If you look at the chart closely, you can clearly see that as the hard drive temperature gets closer to room temperature, failure rate starts to skyrocket. This kind of contradicts many modern enthusiast case designs with a lot of large fans in front of the drive cage and cooling hard drives unnecessarily. our approach for KL04/TJ04-E’s system cooling is much more efficient as the front intake fans are moved to the sideto allow about half of the available airflow to go directly into the main chamber of the case where the graphics cards are located instead of all going to hard drives.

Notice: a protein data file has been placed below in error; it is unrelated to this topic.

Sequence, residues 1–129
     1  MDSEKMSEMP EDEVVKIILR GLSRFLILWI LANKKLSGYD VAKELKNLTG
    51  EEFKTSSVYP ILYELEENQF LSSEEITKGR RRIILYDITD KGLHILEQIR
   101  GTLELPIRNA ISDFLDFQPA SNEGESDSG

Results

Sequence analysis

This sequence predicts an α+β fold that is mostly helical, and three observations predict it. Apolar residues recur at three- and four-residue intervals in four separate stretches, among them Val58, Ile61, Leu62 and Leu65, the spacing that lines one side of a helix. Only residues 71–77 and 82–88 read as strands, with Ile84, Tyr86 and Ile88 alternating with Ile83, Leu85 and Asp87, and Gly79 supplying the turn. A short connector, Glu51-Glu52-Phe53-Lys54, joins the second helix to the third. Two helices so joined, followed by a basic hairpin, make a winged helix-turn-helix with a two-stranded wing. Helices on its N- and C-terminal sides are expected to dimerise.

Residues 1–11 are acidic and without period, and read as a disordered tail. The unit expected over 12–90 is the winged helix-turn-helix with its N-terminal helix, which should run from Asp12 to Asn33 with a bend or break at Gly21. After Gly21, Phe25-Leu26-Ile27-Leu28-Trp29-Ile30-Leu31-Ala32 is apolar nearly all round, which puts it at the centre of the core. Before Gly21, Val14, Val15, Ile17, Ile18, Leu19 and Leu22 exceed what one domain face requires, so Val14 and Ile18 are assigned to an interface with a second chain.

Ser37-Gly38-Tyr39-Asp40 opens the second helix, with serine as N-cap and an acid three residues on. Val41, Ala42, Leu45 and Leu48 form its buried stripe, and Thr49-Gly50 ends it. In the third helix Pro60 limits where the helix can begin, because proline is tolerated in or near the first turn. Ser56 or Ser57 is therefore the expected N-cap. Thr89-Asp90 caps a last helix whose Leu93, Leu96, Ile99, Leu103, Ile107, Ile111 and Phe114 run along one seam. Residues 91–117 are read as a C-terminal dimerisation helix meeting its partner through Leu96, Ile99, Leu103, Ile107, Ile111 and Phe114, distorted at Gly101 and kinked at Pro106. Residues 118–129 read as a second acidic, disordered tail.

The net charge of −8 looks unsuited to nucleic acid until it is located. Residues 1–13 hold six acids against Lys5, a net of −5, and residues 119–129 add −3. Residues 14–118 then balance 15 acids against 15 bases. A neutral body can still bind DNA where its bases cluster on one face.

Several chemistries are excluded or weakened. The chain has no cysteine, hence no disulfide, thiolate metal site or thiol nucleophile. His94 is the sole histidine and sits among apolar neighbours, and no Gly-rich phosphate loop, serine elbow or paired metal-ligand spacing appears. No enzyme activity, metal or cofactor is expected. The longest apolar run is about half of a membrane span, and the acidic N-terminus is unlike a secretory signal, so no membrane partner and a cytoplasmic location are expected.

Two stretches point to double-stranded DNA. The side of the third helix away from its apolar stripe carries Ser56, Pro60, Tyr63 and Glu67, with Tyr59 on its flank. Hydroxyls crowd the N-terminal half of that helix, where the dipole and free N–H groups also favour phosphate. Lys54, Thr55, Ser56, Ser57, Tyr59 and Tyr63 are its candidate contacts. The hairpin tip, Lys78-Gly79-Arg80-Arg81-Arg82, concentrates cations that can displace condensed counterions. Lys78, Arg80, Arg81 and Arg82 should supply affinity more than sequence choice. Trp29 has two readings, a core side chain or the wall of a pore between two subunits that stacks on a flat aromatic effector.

Results for cooling performance from a couple of sites look good thus far considering TJ04-E/KL04 lack a side panel fan (as you know, we prefer not to have side fan to better seal the noise away from the user). Below are a couple of examples:

Hexus, Anandtech

Hopefully that covers it and if you still have questions or comments, please feel free to let me know!


Our thanks to SilverStone for the Temjin TJ04-E case sample.

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Articles of Related Interest
SilverStone Precision PS07: Budget MicroATX Tower
Corsair Obsidian 550D Quiet Mid-Tower Case
Silverstone Fortress FT02 Revisited
SilverStone Raven RV03
Antec P280: Performance One Refresh
SilverStone Temjin TJ08-E: MicroATX Evolved